Next thing I knew, I felt a swoosh back and forth in two passes over my hair, the House crow’s powerful and very large wings brushing my head, and then I was on the pavement, with a cut knee and my grandmother’s sparkly bracelet lying a distance away in the grass. Did the crow go for my bracelet? Was it protecting a nearby nest? Or was it just dissed by the rudeness of a fakakta foreigner?

I pulled together my stuff and hobbled to the bathroom. “I don’t know,” my sister-in-law said, in her gorgeously accented English, “I never see these birds except with you, and now, they are everywhere!” It’s true, another one was watching me outside the bathroom at the Ba’hai Gardens in Haifa. I was getting a little paranoid.

And then we went to Tzfat, the amazing holy city where I felt such a spiritual connection, and no, I didn’t get attacked again, but I did speak to a lovely jeweler who looked like a Tzaddik (holy man) in his tiny shop, about my bird encounter.

 “You have mazel,” he smiled from behind the counter. “Luck?” I questioned. “How is it lucky to be attacked by a vicious bird?” “Because, he peered up at me, stroking his beard, “I’ve seen the person whose scalp was removed by one.” Noted.

So, I am a tad cautious around crows, and I’m already pre-worrying about how this is going to go in the coming months, when Mr. & Ms. Crow have firmly been ensconced in their new digs (aka our backyard) and we are stuck at home, longing to go outside. Will they be happy to see us grilling some salmon and swigging back a cold one after an afternoon of raking? Or will they divebomb us as we try to talk to our new human neighbors across the fence?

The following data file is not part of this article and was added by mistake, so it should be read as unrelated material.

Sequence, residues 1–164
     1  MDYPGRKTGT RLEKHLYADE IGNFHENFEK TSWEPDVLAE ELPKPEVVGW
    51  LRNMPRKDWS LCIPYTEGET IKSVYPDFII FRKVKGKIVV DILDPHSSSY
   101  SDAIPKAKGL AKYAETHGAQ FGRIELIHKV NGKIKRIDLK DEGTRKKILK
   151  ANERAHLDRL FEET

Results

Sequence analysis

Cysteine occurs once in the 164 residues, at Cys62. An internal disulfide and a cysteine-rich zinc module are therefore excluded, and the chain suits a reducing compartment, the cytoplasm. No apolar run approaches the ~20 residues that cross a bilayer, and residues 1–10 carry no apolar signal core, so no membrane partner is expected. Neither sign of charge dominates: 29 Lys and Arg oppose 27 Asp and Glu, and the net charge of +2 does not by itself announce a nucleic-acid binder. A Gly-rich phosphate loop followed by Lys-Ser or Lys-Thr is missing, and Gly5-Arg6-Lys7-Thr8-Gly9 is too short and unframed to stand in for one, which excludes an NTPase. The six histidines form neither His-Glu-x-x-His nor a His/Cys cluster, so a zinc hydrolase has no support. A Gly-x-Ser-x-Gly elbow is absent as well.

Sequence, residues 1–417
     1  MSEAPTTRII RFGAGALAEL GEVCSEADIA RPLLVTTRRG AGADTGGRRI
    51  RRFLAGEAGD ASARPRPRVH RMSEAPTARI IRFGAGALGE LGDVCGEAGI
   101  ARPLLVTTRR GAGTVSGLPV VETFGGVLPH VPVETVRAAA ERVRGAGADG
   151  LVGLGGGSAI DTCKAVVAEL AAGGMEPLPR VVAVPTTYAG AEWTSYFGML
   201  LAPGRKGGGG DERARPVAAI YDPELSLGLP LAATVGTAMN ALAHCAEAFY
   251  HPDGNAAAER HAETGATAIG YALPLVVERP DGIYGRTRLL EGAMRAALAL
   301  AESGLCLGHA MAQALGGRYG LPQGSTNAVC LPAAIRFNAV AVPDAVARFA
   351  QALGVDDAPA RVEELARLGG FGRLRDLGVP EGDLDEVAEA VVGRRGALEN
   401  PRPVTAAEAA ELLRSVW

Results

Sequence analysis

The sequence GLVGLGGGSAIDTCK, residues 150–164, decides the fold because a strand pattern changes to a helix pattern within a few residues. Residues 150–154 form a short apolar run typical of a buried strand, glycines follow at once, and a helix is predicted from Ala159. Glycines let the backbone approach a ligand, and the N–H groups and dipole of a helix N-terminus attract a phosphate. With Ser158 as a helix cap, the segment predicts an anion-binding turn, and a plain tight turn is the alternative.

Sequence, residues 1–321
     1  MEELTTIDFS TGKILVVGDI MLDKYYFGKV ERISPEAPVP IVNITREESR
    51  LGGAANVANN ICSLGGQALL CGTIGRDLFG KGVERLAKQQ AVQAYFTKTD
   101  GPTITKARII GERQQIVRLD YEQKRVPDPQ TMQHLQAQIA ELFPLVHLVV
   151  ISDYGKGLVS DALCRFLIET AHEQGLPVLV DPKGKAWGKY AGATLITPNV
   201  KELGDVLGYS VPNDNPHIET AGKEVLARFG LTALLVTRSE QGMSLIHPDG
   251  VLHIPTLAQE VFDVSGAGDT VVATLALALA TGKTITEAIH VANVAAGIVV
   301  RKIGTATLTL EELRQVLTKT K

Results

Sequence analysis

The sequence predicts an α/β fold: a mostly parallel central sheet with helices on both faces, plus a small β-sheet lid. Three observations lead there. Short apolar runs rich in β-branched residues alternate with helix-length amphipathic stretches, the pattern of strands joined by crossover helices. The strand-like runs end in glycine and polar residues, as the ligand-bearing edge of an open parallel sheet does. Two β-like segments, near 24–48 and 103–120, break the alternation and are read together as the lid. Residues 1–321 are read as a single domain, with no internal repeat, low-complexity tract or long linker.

Maybe they’ll just Caw and Chill and keep on home schooling the fledglings, like the rest of Canada is doing. According to my antique book, it should all be done by sometime in June, when the babies have learned to fly, and the parents abandon the nest they’re fussing over.

We are all staying home now, and we are all learning to live with each other, uncomfortable as that can be. Some days, like the old Coke commercial, “I want to teach the world to sing, in perfect harmony,” and other days, I want to retreat deeply under my covers and pretend I’m 5 and the storm is passing over. Kitten videos make me cry, seeing old friends on Zoom makes me long to hug them, and there are days when I want to email everyone I ever knew and buy the world a Coke.

But other days I am angry and astounded by the sheer stupidity of people and I have to take a deep breath and remind myself that we are all in this soup together.

The birds are probably loving all the empty spaces and laughing at us as they soar around town, visiting whatever treetops they want, and building new homes without any interference from the human lot this spring. And us? Are we doing home improvements, or just stock piling the TP and worrying about when the wine will be delivered?

Anyway, for now we’re all earth-bound, homebound, and stuck on the ground, watching the birds through our windows as we try to remember to love our neighbors as ourselves, and that someday, we’ll all fly again.

About the Author
Peggy Walt has worked for 40 years in the arts and culture sector in Nova Scotia, Canada. She's writing a book on the search for what happened to her husband's family during the Holocaust and her conversion to Judaism in the Master of Fine Arts Program in Creative Nonfiction at King's University in Halifax.